I can tell you with 100% certainty that this is exactly what just happened. The user had a flakey ribbon cable connection. Could be the connectors or the ribbon cable itself failing from flexing. This allowed the printer to pass the power on test because the thermocouple amplifiers reported (cable was passing information at power on) and thus "charged up" the ADC pins the motion control board thermocouple inputs. However, motion or other failures, the ribbon cable became unplugged or otherwise disconnected and because of a "design function" (putting it nicely) of the motion control board, the hardware is completely unable to detect this ribbon cable connection failure after a power on state. This means that if the last reported temp was valid and the user commands a setpoint higher than the last reported temp, the heaters will turn on and since there is no actual working temperature feedback in this fault state, the heater will stay on and rise to an UNSAFE TEMPERATURE!! Again, what you have here is a fault that goes undetected, then coupled with user commands to heat in this fault state can and DOES and it proven and repeatable leading to an uncontrolled heater on state.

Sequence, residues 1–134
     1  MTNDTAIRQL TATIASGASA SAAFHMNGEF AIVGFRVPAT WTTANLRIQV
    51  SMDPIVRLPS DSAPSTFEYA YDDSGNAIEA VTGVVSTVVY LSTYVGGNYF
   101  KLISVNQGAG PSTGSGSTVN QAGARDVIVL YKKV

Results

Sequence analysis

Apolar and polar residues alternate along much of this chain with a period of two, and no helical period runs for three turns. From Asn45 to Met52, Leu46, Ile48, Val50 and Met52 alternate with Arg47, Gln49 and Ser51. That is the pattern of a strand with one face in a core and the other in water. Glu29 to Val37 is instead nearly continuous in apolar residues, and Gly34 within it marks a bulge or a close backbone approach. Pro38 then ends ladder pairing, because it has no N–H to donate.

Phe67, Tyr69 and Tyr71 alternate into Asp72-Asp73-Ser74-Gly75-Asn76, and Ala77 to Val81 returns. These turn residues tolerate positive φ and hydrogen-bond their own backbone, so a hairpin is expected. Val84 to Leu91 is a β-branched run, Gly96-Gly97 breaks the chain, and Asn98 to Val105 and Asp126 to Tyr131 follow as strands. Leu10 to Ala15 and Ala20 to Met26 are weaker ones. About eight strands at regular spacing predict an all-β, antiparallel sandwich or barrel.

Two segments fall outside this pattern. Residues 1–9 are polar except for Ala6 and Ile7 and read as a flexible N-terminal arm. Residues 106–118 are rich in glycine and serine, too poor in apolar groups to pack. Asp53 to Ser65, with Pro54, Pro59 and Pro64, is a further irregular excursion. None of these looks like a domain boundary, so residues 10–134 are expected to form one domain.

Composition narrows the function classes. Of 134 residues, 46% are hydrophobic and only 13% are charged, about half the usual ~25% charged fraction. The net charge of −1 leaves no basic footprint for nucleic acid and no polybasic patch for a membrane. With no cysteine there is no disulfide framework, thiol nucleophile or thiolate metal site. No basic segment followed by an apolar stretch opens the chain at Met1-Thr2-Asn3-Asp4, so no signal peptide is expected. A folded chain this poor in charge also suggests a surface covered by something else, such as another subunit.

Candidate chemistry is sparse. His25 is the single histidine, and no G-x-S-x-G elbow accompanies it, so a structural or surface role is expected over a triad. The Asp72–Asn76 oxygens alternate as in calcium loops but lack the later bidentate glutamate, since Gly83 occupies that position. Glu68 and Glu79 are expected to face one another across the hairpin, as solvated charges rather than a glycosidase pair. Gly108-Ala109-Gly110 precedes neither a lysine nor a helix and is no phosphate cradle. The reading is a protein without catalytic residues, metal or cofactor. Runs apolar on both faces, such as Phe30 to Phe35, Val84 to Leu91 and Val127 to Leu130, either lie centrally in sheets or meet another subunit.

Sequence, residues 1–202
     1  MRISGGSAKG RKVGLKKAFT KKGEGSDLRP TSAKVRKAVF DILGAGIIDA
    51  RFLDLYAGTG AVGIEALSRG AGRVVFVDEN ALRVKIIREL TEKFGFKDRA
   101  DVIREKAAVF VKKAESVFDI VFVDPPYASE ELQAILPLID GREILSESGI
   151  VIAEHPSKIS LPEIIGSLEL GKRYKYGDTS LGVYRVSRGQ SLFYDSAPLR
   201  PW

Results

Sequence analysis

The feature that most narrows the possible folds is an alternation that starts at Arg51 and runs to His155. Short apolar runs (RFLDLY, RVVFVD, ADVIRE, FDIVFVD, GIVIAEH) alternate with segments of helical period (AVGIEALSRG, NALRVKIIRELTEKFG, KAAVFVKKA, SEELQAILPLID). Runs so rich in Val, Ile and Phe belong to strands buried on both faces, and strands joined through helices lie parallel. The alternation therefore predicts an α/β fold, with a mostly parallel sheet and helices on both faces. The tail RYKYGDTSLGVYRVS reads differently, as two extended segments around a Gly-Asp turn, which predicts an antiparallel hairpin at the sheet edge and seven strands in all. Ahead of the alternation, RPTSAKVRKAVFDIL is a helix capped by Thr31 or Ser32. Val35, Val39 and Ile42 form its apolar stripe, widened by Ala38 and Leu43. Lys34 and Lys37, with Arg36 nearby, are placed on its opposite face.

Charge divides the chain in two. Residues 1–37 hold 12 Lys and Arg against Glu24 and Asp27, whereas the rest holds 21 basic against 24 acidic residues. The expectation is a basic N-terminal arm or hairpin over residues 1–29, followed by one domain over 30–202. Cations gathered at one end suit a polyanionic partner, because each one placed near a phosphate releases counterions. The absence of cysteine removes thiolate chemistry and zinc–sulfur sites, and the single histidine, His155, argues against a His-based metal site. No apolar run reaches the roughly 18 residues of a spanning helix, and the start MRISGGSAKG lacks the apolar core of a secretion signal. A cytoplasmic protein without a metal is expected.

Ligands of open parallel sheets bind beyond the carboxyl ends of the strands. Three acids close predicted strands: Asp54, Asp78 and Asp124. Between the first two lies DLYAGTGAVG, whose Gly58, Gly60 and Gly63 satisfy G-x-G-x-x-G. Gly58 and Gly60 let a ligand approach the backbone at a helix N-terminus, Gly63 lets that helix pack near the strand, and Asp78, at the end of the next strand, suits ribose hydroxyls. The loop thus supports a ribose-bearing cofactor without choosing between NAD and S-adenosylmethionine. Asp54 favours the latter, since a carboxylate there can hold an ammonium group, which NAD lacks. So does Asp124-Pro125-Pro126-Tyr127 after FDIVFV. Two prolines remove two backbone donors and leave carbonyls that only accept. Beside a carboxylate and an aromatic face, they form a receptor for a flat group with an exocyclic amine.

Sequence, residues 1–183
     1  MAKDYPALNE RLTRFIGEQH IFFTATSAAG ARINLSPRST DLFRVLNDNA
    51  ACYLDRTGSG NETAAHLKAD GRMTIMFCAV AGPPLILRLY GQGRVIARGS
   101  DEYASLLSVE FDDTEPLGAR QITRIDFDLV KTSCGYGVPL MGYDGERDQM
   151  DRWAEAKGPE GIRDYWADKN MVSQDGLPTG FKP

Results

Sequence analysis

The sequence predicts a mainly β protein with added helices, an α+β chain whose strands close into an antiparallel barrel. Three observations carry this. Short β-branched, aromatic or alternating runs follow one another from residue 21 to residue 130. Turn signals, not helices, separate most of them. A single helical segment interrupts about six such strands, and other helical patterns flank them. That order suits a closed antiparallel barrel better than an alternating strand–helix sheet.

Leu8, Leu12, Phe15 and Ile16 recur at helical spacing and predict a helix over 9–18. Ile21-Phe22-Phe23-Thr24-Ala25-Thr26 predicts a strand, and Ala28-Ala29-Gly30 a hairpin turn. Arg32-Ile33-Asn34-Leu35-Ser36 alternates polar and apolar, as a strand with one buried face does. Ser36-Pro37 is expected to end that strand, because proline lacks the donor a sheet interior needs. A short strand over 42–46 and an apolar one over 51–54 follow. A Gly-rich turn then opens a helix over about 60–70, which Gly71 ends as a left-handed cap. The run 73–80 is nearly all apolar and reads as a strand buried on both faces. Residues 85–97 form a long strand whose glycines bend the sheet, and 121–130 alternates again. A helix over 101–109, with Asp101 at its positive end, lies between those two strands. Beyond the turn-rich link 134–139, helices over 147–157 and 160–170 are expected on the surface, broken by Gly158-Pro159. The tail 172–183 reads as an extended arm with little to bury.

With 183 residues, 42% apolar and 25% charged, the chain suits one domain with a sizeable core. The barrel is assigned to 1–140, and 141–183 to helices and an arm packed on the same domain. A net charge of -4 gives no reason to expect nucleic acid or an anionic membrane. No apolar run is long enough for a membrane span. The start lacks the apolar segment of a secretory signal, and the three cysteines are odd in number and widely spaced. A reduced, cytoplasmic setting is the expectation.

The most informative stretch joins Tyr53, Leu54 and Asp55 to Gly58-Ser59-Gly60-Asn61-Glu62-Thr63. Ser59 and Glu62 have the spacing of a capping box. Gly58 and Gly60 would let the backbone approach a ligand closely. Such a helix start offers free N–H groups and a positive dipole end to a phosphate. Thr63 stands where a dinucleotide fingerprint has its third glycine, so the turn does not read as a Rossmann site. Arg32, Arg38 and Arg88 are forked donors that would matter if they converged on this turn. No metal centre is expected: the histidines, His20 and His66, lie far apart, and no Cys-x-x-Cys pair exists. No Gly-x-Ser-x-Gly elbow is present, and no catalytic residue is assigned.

Thanks for the info, I'll take a look at this when I get home. There was part of the error that popped up that said "MAX_TEMP" something something. I should have taken a picture. I did try to dump the logs but it only seemed to have logs since I restarted it last.

This is kind of scary. I assume, then, that my extruder got ridiculously/unsafely hot at some point. Does that typically result in permanent damage to the hotend?

Jetguy
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Re: "Board error, extruder switched off"